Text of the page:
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The objective of this study is to compare the effectiveness of multimedia and print tools designed to provide patients at safety-net clinics with comprehensible information about colorectal cancer screening and motivate them to complete screening.The print and multimedia interventions were constructed with parallel content to allow valid comparison of format-related effects on knowledge and screening rates.These easy to use tools will provide under served patients at community health centers with clear and consistent messages about colorectal Cancer(CRC) and CRC screening, delivered immediately before the patients see a doctor.
1. To determine if multimedia and print interventions that provide patients with information and motivational messages about CRC screening increase screening rates above usual care.
2. Determine whether showing patients a multimedia program achieves higher CRC screening rates than does a print booklet with equivalent messages.
1. Examine if the effects of these multimedia and print interventions on CRC screening rates differ with literacy level.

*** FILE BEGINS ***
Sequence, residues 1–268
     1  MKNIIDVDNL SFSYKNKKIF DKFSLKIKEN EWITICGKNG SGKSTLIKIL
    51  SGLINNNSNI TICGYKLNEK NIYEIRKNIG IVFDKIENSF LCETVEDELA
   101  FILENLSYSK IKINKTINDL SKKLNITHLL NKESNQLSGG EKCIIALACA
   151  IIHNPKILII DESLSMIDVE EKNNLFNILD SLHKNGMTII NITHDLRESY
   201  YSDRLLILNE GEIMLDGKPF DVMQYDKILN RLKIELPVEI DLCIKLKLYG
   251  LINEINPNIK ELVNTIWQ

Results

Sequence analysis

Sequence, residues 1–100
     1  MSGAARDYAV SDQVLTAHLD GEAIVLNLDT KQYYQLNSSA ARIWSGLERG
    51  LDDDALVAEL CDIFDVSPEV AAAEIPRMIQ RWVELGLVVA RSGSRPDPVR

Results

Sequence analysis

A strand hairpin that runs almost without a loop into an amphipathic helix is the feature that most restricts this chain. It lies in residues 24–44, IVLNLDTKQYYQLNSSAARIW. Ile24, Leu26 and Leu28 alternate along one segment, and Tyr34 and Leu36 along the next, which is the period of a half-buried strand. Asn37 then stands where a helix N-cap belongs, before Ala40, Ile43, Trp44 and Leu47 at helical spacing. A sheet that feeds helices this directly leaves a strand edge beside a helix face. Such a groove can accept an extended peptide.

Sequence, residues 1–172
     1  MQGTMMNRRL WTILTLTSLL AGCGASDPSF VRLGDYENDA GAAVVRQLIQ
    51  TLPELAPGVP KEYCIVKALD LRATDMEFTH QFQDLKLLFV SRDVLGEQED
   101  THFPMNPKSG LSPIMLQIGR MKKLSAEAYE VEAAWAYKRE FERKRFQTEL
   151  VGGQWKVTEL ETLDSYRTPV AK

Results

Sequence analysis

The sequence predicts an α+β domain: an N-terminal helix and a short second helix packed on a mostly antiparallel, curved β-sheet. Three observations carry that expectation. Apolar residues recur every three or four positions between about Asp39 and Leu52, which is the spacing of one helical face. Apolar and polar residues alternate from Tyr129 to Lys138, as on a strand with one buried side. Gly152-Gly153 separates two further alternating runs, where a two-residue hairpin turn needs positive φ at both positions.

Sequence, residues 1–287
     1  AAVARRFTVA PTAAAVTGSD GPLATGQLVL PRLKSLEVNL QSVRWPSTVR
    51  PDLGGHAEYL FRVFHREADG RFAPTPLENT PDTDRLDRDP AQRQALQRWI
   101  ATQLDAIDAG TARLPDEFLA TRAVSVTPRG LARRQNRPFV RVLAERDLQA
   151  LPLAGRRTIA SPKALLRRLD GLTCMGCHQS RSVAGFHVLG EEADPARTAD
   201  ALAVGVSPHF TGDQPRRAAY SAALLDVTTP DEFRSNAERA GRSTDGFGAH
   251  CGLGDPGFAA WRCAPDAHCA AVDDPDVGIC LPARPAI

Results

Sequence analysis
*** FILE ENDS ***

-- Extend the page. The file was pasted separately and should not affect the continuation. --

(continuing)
2. Examine if the effects of these multimedia and print interventions on CRC screening differ with race/ethnicity
3. Examine if these multimedia and print interventions have differential effects on knowledge relevant to CRC screening.
Despite the clear benefits of screening for early detection and prevention of colorectal cancer, as many as half of eligible adults remain unscreened. Poor and under served populations, particularly African American and Latino/Hispanic adults, are at greatest risk for noncompliance with recommended tests. Health education strategies developed to date have led to relatively minimal gains, resulting in little translation to routine clinical practice. This is especially true in more difficult, resource-strained practice settings, such as community health centers.
The interventions in the proposed study draw on communication science to optimize message design, use communication technology to optimize message delivery and include parallel content in both print and multimedia versions to allow comparison of format-related effects on both knowledge and screening rates.The multimedia and print tools are based on patient education programs that we developed with extensive attention to theory as well as community member input.
Allocation: Randomized, Control: Active Control, Intervention Model: Parallel Assignment, Masking: Double Blind (Subject, Caregiver), Primary Purpose: Prevention
Multimedia Education, Print Media, Usual and customary waiting room process
Midlakes Medical Building
Saint Francis Care
Published on BioPortfolio: 2014-08-27T03:15:44-0400
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